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The potential for climate-driven bathymetric range shifts: sustained temperature and pressure exposures on a marine ectotherm, Palaemonetes varians

The potential for climate-driven bathymetric range shifts: sustained temperature and pressure exposures on a marine ectotherm, Palaemonetes varians
The potential for climate-driven bathymetric range shifts: sustained temperature and pressure exposures on a marine ectotherm, Palaemonetes varians
Range shifts are of great importance as a response for species facing climate change. In the light of current ocean-surface warming, many studies have focused on the capacity of marine ectotherms to shift their ranges latitudinally. Bathymetric range shifts offer an important alternative, and may be the sole option for species already at high latitudes or those within enclosed seas; yet relevant data are scant. Hydrostatic pressure (HP) and temperature have wide ranging effects on physiology, importantly acting in synergy thermodynamically, and therefore represent key environmental constraints to bathymetric migration. We present data on transcriptional regulation in a shallow-water marine crustacean (Palaemonetes varians) at atmospheric and high HP following 168-h exposures at three temperatures across the organisms' thermal scope, to establish the potential physiological limit to bathymetric migration by neritic fauna. We observe changes in gene expression indicative of cellular macromolecular damage, disturbances in metabolic pathways and a lack of acclimation after prolonged exposure to high HP. Importantly, these effects are ameliorated (less deleterious) at higher temperatures, and exacerbated at lower temperatures. These data, alongside previously published behavioural and heat-shock analyses, have important implications for our understanding of the potential for climate-driven bathymetric range shifts
hydrostatic pressure, temperature, physiological scope
1-7
Morris, J.P.
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Thatje, S.
f1011fe3-1048-40c0-97c1-e93b796e6533
Cottin, D.
4fed3555-5a51-44a0-85ba-e4fcae754b7d
Oliphant, A.
a080aa80-9deb-4e70-aadb-7c0b02600735
Brown, A.
909f34db-bc9c-403f-ba8f-31aee1c00161
Shillito, B.
4f84c279-55ee-4aa4-9c48-21b15bd71603
Ravaux, J.
c1ae600d-cc08-4f99-9c29-bc719963c46f
Hauton, C.
7706f6ba-4497-42b2-8c6d-00df81676331
Morris, J.P.
7060ae12-d0fd-41a5-89df-83870b59be31
Thatje, S.
f1011fe3-1048-40c0-97c1-e93b796e6533
Cottin, D.
4fed3555-5a51-44a0-85ba-e4fcae754b7d
Oliphant, A.
a080aa80-9deb-4e70-aadb-7c0b02600735
Brown, A.
909f34db-bc9c-403f-ba8f-31aee1c00161
Shillito, B.
4f84c279-55ee-4aa4-9c48-21b15bd71603
Ravaux, J.
c1ae600d-cc08-4f99-9c29-bc719963c46f
Hauton, C.
7706f6ba-4497-42b2-8c6d-00df81676331

Morris, J.P., Thatje, S., Cottin, D., Oliphant, A., Brown, A., Shillito, B., Ravaux, J. and Hauton, C. (2015) The potential for climate-driven bathymetric range shifts: sustained temperature and pressure exposures on a marine ectotherm, Palaemonetes varians. Royal Society Open Science, 2 (11), 1-7. (doi:10.1098/rsos.150472).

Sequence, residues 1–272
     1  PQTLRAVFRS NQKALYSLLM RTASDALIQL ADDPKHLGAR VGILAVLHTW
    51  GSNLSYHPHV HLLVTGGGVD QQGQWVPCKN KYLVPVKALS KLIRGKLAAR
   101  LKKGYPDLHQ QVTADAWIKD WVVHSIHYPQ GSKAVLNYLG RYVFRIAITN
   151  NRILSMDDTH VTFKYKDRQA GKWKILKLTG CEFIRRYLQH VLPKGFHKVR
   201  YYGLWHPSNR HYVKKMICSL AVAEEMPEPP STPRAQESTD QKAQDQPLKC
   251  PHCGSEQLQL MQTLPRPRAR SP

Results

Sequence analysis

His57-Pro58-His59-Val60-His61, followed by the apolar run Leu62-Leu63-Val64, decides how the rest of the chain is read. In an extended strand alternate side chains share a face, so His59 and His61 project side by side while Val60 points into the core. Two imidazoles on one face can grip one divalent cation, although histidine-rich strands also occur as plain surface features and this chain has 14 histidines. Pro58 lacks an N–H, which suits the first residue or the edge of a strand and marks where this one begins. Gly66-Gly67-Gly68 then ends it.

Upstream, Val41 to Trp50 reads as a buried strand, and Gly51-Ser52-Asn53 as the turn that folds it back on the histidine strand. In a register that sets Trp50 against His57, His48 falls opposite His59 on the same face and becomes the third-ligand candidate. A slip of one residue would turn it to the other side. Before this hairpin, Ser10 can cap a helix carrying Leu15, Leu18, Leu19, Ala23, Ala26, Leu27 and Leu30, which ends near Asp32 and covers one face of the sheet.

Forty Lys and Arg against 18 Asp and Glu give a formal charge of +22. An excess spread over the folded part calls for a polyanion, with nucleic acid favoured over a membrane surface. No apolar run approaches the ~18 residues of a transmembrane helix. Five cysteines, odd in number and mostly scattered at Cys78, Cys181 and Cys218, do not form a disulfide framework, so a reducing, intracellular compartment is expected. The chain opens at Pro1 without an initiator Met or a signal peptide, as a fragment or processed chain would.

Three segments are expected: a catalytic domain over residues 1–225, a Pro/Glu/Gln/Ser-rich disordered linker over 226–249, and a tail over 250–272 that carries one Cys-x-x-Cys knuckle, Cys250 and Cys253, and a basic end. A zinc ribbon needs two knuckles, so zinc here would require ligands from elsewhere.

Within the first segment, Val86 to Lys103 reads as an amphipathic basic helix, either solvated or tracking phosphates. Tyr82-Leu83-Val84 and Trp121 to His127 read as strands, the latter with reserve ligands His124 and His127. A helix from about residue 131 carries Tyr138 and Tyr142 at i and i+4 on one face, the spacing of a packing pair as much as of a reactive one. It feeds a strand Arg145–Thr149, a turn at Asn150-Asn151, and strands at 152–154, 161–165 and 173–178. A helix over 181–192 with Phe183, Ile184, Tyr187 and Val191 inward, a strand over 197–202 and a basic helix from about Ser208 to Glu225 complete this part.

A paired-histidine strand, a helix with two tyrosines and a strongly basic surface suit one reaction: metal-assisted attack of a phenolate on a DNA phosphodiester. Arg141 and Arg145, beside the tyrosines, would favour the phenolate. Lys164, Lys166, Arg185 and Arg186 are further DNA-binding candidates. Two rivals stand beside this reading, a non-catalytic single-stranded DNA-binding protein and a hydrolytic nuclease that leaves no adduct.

Record type: Article

Abstract

Range shifts are of great importance as a response for species facing climate change. In the light of current ocean-surface warming, many studies have focused on the capacity of marine ectotherms to shift their ranges latitudinally. Bathymetric range shifts offer an important alternative, and may be the sole option for species already at high latitudes or those within enclosed seas; yet relevant data are scant. Hydrostatic pressure (HP) and temperature have wide ranging effects on physiology, importantly acting in synergy thermodynamically, and therefore represent key environmental constraints to bathymetric migration. We present data on transcriptional regulation in a shallow-water marine crustacean (Palaemonetes varians) at atmospheric and high HP following 168-h exposures at three temperatures across the organisms' thermal scope, to establish the potential physiological limit to bathymetric migration by neritic fauna. We observe changes in gene expression indicative of cellular macromolecular damage, disturbances in metabolic pathways and a lack of acclimation after prolonged exposure to high HP. Importantly, these effects are ameliorated (less deleterious) at higher temperatures, and exacerbated at lower temperatures. These data, alongside previously published behavioural and heat-shock analyses, have important implications for our understanding of the potential for climate-driven bathymetric range shifts

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Accepted/In Press date: 30 October 2015
e-pub ahead of print date: 25 November 2015
Published date: November 2015
Keywords: hydrostatic pressure, temperature, physiological scope
Organisations: Ocean and Earth Science

Identifiers

Local EPrints ID: 384409
URI: https://eprints.soton.ac.uk/id/eprint/384409
PURE UUID: dde8e012-7fda-4e6b-8879-bf48bae0cc3d
ORCID for C. Hauton: ORCID iD orcid.org/0000-0002-2313-4226

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Date deposited: 26 Nov 2015 10:08
Last modified: 29 Aug 2019 00:51

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Contributors

Author: J.P. Morris
Author: S. Thatje
Author: D. Cottin
Author: A. Oliphant
Author: A. Brown
Author: B. Shillito
Author: J. Ravaux
Author: C. Hauton ORCID iD

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